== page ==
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pcbi.1004104.g002: A simplified version of the model architecture for reaching decision tasks in the presence of two competing targets.The motor plan formation field encodes the direction of the intended arm movement in a special reference frame centered on the hand. The goods-based decision values and the spatial sensory inputs are therefore transformed from allocentric to egocentric representations centered on the hand before being input to the motor plan formation field. The motor plan formation field integrates information about the spatial location of the targets, the expected reward attached to each target and the action cost required to pursue the targets into a single variable named “relative desirability”. The relative desirability encodes the “attractiveness” of the individual M reach policies at a given time and state and is used to weigh the influence of these policies on the final policy. Note that M is the number of neurons with activation level above a threshold γ. Once the final policy is determined, the framework implements that policy at the given time and state resulting in an action-plan (i.e., sequences of actions) that drives the hand closer to the target (see Results and Methods sections for more details).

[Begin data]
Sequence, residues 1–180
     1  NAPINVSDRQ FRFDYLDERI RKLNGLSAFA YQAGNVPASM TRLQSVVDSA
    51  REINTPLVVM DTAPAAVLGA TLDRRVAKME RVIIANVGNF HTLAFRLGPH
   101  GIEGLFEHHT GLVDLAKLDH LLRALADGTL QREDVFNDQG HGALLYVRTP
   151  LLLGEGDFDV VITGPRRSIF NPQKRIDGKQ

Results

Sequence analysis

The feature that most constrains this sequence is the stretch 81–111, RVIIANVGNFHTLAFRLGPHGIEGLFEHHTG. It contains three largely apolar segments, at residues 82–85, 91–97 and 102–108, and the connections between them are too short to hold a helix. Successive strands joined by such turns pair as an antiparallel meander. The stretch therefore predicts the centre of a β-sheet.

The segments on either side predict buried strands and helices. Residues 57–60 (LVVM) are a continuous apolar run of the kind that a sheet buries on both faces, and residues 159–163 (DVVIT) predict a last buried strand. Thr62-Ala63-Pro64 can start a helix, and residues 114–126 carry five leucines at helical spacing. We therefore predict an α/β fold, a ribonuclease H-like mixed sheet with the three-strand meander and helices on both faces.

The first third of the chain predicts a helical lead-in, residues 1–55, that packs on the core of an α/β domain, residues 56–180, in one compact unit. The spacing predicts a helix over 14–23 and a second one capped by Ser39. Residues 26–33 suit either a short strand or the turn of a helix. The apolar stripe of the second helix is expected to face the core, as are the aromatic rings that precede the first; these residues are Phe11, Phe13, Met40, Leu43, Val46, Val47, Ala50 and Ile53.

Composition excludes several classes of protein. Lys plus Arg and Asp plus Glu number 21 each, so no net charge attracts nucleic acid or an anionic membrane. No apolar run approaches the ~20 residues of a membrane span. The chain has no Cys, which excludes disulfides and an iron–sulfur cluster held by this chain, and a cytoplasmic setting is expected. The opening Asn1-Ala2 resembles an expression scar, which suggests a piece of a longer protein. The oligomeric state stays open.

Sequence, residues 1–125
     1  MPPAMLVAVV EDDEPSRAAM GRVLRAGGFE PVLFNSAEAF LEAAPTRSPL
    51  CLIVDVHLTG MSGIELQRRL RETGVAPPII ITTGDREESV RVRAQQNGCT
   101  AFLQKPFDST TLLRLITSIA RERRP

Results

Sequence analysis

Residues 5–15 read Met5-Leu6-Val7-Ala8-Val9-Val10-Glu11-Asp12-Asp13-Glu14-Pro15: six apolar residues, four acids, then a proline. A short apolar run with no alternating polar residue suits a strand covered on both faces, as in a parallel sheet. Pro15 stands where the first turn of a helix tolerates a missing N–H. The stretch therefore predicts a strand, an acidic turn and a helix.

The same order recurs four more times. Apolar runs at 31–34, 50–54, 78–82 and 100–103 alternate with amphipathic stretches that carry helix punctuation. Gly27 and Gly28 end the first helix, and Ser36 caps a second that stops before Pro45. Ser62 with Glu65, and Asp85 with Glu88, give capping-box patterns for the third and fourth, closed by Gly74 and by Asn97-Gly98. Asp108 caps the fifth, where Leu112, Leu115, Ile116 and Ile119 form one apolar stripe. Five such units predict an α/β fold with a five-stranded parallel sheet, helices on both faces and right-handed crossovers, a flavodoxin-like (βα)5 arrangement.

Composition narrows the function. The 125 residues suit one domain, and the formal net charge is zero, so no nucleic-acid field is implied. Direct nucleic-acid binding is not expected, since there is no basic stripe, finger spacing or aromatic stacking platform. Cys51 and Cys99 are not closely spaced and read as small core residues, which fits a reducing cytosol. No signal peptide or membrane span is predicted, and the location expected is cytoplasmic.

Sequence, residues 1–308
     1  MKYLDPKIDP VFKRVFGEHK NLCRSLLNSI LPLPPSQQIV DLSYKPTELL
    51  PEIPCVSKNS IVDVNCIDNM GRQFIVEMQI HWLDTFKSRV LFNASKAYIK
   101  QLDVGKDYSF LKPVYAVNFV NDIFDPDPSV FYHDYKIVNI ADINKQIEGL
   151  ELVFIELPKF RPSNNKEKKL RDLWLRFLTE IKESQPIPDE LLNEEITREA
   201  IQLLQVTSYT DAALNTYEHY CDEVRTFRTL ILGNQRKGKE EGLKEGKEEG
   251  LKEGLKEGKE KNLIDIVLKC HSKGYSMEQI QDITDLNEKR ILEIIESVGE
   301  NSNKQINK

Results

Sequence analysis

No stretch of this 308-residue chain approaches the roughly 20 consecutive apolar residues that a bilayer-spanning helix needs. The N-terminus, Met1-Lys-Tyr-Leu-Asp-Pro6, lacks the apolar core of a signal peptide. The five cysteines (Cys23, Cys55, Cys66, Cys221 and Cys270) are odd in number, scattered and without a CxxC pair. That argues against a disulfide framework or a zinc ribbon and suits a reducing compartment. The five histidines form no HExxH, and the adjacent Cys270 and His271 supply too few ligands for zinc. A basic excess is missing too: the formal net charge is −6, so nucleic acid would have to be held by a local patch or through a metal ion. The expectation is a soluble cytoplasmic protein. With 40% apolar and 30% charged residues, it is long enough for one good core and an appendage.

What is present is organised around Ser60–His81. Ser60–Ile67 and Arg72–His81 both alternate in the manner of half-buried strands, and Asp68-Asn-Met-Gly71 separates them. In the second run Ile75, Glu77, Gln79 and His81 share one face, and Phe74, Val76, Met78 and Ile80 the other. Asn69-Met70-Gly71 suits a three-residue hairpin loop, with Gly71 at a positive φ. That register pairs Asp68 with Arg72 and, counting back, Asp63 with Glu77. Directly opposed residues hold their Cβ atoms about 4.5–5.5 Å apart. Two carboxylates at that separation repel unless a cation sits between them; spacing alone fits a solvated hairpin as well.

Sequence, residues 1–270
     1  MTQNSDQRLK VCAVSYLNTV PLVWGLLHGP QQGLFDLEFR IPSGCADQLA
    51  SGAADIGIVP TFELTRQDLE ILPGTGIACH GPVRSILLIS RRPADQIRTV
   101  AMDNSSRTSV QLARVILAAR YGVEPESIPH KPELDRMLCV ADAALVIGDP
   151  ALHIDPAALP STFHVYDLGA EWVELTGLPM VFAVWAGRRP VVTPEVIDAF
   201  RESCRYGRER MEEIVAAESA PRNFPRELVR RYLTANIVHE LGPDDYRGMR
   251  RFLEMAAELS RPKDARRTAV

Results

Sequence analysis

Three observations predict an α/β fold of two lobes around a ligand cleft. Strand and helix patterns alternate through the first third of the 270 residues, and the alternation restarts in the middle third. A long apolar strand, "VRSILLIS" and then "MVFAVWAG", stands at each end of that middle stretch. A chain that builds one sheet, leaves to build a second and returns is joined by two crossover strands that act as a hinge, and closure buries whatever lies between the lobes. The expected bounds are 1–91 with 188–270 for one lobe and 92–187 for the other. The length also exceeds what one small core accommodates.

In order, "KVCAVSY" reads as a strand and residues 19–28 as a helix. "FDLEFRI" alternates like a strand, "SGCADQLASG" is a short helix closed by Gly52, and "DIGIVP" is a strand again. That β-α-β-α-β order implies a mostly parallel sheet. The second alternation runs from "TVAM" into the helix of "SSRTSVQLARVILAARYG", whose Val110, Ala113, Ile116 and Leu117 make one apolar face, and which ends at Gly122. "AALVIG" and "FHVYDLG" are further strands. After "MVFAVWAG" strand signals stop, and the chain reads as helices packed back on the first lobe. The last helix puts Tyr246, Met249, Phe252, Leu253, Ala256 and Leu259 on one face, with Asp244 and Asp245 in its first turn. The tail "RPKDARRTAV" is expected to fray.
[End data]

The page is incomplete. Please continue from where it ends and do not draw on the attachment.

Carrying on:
Mentions: In the current section, we present a simplified version of the framework that involves only reaching, Fig. 2. The reach motor plan formation DNF encodes the direction of intended arm movements in a spatial reference frame centered on the hand. Various decision values are therefore transformed from allocentric to egocentric representations centered on the hand before being input to the reach motor plan formation DNF. The DNF receives input encoding the location of the stimulus, the expected reward associated with moving in each direction and the action cost. The location of each stimulus is encoded in the spatial sensory input field as a Gaussian population code centered on the direction of the stimulus with respect to the hand. The expected reward for moving to given locations is effector-independent and encoded as a multivariate Gaussian population in allocentric coordinates. This representation is transformed into a one dimensional vector in the goods value field representing the expected reward for moving in each direction, centered on the hand position. These values, as well as the action cost field inputs, are summed and applied to the reach motor plan formation DNF. The DNF is run until it reaches a peak activity level above γ, after which its values are used to weigh the policy of each motor schema, resulting in a reach movement.